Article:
by Josh Ginsberg (@world0fdarkness)
Talking Dog is an indie rock band and the first song on their first EP is about playing indie rock. “Dazed” is probably the most compelling and nuanced song about this experience in a while: it’s markedly less tritely romantic than Les Savy Fav’s “Pots and Pans” and offers a more thorough and nuanced portrait of the psychological and social implications of making music than, say, Art Brut’s “Formed a Band” ever could. “Dazed” traces the experience of going to college and hating going to college, of “[sleeping] on the carpet” “somewhere in Bushwick”; standing “naked and forlorn” at “8 PM at Piano’s” and the belief that if he and his friends could get together and make their own scene, greatness could await.
Of course, the perspective from which Noah Ruede sings on “Dazed” is hardly bright-eyed and bushy-tailed. Talking Dog is not Ruede’s first rodeo. Even though stripes of optimism flash throughout “Dazed,” one of the most profound things about the song its depiction of how inhospitable a music scene can be. Ruede taps into what it means to exist “naked and forlorn” at “8 PM at Piano’s,” the type of New York music space you will not have heard of unless you spent time trying to play music in New York City between 2009 and the present and not having very much luck. Then and now Piano’s (and the now defunct Olsen Twin coke-den Lit Lounge, which Ruede mentions as well) were music spaces whose shows would rarely be listed in Showpaper and whose old school proprietors would rarely mask their disdain for your craft. The inhabitants of the bars usually fit neatly into two categories: (1) people trying to have dinner at a generic Lower East Side bar who have no interest in seeing a show and (2) the people actually playing, who stand in a mostly empty room, minds occupied by thoughts of (a) how surprisingly shallow the stage is and (b) how few friends were able to make it out to see them play, even though they invited everyone on Facebook 4 weeks before the show took place and sent clever reminder texts to everyone the morning of.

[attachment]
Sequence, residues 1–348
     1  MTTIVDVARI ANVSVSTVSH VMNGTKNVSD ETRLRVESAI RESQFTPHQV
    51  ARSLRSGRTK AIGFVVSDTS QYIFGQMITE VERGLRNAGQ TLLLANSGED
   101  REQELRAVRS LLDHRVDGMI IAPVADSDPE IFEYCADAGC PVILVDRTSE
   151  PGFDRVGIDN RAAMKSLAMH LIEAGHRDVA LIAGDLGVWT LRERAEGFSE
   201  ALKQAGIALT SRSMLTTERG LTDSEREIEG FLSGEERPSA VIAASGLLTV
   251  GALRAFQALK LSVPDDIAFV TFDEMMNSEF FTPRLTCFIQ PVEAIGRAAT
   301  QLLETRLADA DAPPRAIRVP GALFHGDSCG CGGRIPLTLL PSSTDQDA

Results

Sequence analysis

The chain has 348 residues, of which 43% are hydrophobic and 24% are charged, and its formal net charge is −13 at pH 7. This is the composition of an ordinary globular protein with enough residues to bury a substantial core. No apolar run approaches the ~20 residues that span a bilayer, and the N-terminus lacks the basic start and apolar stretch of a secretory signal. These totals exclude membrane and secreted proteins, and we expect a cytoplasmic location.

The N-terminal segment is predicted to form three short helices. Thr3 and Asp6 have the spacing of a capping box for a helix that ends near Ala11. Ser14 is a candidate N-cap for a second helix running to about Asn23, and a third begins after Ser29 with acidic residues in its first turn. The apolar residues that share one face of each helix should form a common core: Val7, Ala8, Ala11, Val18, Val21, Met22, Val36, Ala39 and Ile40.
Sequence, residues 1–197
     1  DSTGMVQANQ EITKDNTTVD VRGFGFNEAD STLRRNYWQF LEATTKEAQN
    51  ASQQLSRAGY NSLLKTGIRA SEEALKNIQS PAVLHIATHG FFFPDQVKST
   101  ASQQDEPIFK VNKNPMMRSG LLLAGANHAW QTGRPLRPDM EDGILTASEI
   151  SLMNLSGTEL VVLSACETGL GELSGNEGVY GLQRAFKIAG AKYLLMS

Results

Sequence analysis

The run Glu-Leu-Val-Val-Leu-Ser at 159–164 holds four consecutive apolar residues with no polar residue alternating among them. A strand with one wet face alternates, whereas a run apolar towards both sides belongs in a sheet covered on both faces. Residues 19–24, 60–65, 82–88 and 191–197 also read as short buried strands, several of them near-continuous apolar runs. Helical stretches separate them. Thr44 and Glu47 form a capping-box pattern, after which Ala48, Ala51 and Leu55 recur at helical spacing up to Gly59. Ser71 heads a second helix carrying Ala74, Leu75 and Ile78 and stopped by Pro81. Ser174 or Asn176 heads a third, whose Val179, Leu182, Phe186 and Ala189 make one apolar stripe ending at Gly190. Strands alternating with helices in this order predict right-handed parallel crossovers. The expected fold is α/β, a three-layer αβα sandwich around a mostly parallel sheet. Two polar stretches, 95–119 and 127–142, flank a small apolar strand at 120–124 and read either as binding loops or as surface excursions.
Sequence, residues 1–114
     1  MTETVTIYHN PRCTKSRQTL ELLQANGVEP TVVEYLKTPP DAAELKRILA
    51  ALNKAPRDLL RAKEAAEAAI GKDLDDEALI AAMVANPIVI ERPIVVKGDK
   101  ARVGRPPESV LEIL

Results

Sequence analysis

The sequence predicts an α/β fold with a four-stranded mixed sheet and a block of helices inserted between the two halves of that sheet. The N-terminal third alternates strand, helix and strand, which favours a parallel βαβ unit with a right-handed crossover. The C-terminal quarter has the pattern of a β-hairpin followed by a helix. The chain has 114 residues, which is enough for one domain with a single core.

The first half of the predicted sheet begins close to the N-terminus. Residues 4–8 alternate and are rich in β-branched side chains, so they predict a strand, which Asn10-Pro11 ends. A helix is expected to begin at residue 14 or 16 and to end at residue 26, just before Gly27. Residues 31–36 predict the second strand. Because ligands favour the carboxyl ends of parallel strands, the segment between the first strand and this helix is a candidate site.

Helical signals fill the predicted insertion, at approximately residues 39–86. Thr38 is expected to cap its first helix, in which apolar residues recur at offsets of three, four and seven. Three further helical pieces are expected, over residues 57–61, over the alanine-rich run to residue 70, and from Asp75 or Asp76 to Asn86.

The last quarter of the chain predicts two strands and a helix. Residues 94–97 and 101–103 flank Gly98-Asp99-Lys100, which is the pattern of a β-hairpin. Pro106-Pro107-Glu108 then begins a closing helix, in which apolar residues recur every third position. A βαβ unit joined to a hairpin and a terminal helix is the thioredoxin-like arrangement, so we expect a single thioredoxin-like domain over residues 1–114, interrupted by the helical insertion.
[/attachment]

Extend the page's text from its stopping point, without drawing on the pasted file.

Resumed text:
Although the experience of coming up (and not blowing up) in New York’s music scene can indeed be demoralizing, atop a cadence that mirrors the hammed-up rhythmic raising of one’s eyebrows, “Dazed” captures how downright exciting it can be to publicly humble yourself. The harmonic fabric of the song matches the emotional content of its lyrics, switching from major to minor and buoyant to dissonant as Ruede expresses how joyous playing an ill-attended gig at an uncool venue can be, when the alternative is wasting time in a Student Activity Center, divorced from anything you care about. “Dazed” is also a romantic ode to the magic of a Bridge-and-Tunnel person’s commute into Brooklyn via New Jersey and manages to evoke the innocent thrill experienced by every New York transplant during their earliest visits, before the cynicism set in.
Throughout its duration, Resolution Loops addresses the question of why people bother to pursue childhood dreams in the years after childhood’s end. On the churning, gauzy “Deathwich,” Ruede reckons with the discomfort of feeling complacent in the adult world and questions whether that complacency is a symptom of laziness or propriety. Reude explores the fear that he can’t escape a disposition and set of values he believes he should have, by now, outgrown on “Inner Child,” a charging song that pairs the muscle of Dinosaur Jr with the jangling, angsty romanticism of The Head on the Door. The passing of time nibbles at all of us, but the visions Ruede employs (like “writing your will from the afterlife”) communicate the weight the prospect of a wasted life possesses and the silliness of thinking of life in such terms. The silver lining of the Ruede’s existential angst comes when you double back and note his grammar on the chorus of “Deathwich.” When he sings about “ruing the passage of time,” he does it in the past tense, as a memory, as if he’s transcended it. When Talking Dog rides again--if they decide to once again yield to the “ghost” Ruede so reviles--it will be interesting to see how the added perspective, and how the act of music-making is characterized at that juncture in Ruede’s life.
See the mathy, catchy Talking Dog perform with Personal Space, Jangula and Low Fern in support of Resolution Loops at Brooklyn’s Pine Box on August 11th.